Monday, May 3, 2010

Jumbo Shrimp

The fine folks at Football Outsiders started with applying advanced statistical analysis to Pro Football. In the last few years they began applying the same methods to college football. One of the outcomes of this has been their S&P Ratings. Like many Football Outsider stats it’s a composite of several complicated stats. A full explanation can be found here.

In simple terms, S&P measures an offense's success rate on a play-by-play basis, adjusting for down, distance, field position and opponent.

In the article linked above the far right column separates out passing downs, defined as second and 8 or more and third and five or more, and gives each team an S&P rating. The interesting thing about it is that Tech ranks 3rd in the country on passing downs.

This is a counter intuitive result, and at first we thought it was an error generated by Tech’s unique offense. The Jackets tend to confound most statistical comparisons. Maybe that accounts for some of the Jackets high rating, but I also think it demonstrates exactly how well thought out and balanced Coach Johnson’s offense is and how good a coach he really is.

Johnson really understands how the running game and passing game are related, and he does a couple of things to make passing easier for his team, even on obvious passing downs.

First of all most teams have two options on any given play, pass or rush. Tech has three options, run, pass, and option play. As we’ve said before, the option play is a hybrid play combining characteristics of passing and running plays. A -Backs averaged seven yards a carry last year. This means on second and eight, Tech has a reasonable chance of picking up most or even all of the yardage with an option play, and doesn’t have to pass, while conventional teams may find it harder to pick up those yards without passing.

By the way, this is one reason why Tech doesn’t pass much. Its not that CPJ has a philosophical problem with passing, he just doesn’t see the need to throw a seven yard out and risk an interception or an incompletion, when an option play is just as likely to get the yardage without the risk.

Second, CPJ uses formations to force the defense into sets that he can exploit. Moving two wide receivers to the right may take a blocker away from the left, but it also takes a tackler away from the left because other teams have to respect the position of the players. Defensive coordinators know that CPJ is just too smart to pass up an open receiver, so they have to respect formation changes even if they know there is a remote chance CPJ actually intends to do something out of character. Conversely, he can use formations on passing downs to force teams to respect the run, limiting the number of players they can use for pass protection, making it easier for him to set up mismatches.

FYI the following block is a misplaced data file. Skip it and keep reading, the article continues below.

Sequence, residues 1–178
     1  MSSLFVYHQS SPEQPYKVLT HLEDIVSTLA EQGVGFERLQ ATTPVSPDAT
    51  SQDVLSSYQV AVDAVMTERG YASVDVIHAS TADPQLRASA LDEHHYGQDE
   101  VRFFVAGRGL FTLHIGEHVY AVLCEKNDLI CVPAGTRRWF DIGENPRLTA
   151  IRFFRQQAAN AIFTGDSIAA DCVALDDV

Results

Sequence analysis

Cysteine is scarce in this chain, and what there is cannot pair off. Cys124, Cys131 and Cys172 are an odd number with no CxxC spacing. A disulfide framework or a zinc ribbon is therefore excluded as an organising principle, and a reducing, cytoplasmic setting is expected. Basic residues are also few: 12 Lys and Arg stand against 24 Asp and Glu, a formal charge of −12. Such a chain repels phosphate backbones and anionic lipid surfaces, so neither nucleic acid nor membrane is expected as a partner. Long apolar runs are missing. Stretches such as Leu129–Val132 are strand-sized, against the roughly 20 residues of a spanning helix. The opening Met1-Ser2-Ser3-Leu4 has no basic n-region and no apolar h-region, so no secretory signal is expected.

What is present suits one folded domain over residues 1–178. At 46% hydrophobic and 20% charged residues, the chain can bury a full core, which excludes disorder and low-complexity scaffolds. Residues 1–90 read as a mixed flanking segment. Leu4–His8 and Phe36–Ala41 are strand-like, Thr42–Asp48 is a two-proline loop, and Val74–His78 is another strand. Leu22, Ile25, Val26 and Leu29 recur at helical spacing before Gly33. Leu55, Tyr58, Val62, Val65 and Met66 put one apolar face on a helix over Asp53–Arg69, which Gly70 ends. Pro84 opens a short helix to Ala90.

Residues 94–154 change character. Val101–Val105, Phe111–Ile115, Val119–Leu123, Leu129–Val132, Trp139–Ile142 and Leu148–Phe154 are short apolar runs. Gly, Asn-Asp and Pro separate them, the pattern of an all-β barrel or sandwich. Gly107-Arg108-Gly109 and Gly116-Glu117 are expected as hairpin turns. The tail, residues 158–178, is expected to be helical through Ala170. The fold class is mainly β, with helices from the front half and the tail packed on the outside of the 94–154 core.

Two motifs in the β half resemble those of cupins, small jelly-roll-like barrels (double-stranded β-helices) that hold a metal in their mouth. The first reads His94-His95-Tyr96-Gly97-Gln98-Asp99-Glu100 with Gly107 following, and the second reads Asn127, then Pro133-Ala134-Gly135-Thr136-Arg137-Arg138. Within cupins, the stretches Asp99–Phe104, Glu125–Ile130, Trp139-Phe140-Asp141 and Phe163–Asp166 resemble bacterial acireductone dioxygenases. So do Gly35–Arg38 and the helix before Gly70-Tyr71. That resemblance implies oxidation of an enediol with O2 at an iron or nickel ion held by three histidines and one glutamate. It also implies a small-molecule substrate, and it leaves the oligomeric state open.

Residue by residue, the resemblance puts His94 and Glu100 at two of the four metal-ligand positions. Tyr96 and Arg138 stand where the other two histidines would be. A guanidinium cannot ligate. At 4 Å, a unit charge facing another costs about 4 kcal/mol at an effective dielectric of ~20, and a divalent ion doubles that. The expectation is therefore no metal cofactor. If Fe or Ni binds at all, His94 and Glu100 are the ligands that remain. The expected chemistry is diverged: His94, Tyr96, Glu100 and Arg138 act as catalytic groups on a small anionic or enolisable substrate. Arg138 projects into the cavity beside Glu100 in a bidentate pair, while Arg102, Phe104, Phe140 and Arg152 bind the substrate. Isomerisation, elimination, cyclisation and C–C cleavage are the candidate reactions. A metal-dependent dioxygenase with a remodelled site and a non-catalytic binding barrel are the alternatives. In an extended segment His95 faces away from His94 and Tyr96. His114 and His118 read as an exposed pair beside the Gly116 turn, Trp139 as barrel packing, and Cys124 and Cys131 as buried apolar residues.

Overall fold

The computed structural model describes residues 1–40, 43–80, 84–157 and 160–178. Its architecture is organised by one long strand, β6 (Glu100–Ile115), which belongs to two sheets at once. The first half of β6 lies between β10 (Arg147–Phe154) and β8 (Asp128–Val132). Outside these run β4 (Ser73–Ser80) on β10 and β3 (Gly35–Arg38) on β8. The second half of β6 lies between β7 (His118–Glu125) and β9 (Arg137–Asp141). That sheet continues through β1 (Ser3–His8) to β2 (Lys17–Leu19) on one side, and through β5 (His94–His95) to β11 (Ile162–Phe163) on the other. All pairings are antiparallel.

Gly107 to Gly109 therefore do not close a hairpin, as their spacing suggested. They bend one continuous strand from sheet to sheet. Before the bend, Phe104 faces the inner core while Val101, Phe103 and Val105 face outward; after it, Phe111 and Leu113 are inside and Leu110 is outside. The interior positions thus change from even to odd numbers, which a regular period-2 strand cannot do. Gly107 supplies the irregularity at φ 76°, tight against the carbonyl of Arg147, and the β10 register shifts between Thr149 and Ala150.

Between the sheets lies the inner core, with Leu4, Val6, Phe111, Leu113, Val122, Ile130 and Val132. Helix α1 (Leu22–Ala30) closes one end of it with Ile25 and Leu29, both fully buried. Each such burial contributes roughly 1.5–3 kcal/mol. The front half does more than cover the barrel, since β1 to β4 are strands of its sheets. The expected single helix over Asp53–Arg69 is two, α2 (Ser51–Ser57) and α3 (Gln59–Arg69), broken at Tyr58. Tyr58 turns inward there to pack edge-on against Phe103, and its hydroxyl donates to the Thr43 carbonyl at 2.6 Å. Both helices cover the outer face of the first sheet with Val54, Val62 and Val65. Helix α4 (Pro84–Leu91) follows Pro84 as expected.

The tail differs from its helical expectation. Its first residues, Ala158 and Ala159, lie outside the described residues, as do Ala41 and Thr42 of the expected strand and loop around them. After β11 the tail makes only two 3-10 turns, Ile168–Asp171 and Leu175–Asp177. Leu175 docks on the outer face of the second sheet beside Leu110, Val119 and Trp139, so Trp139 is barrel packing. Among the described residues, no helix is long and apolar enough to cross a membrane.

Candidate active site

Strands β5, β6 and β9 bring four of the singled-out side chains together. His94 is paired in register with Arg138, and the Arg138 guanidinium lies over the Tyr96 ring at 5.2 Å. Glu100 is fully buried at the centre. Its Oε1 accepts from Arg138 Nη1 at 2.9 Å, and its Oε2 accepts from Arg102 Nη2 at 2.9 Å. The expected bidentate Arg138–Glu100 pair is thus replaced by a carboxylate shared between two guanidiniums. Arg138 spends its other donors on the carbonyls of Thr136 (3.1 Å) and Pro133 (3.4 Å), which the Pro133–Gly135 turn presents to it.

Third, CPJ is going to go for it on fourth down. This makes 2nd &8 and 3rd and 5 different for Tech. If most coaches only get four yards on 3rd and five, they punt. This reality forces them to throw on 3rd down, but CPJ is happy with a four yard run on 3rd & 5 because he's not afraid to go for it on fourth down. CPJ isn’t a hell bound riverboat gambler going for it on fourth down a la Les Miles. By being prepared to go for it on fourth down he can use more of his playbook on second and third down.

All of this makes a third and five or second and eight play for Tech not a passing down, but a balanced down. The defense has to be prepared to cover run, pass and option plays, and not just pass plays. The former is harder than the latter.

Last year this meant BayBay was on an island with a five foot nine corner back on "passing downs". BayBay is going to (and in fact did) win that battle more often than not. It’s not even fair to the CB. He has to respect BayBay's speed, so he has to play off. If Tech throws a quick screen to BayBay, the corner has to close and make a tackle. The problem is he's smaller than BayBay, and help is far away. If the corner plays up, BayBay can just run past him. With the safety in the box, there is no help over the top, which means Joshua can make an easy looping throw which BayBay just has to up and get. On top of that Tech can throw in the stop rout whenever they want. BayBay launches of the line, the CB turns to run with him, and then BayBay just stops.

Teams that don't go for it on 4th down as much, and whose running game isn't as impressive, and who don’t have an option pitch play to go to, can't do this. They have to throw on 3rd and five. They may even bring an extra receiver in to the game. This allows the safeties to play back. Less blockers on the line means the linebackers and defensive line can cover the draw or screen, leaving the safeties to provide help over the top. Help over the top allows corners to play tight on the wide receivers because someone else will cover the deep route, and a safety over the top is going to close the window a quarterback can throw into on the go route.

All of this demonstrates an important point. CPJ’s offense is not only unique, it is a well-designed offense. It allows CPJ to manipulate the game and create the situations and match-ups that favor his team. Yes it's run and option heavy, but the passing game is not an after thought. It is an integral part of the offense. This is an offense that needs wide receivers, but unlike other offenses it doesn’t need six to ten wide receivers, it needs three to four, and it can work with only one.

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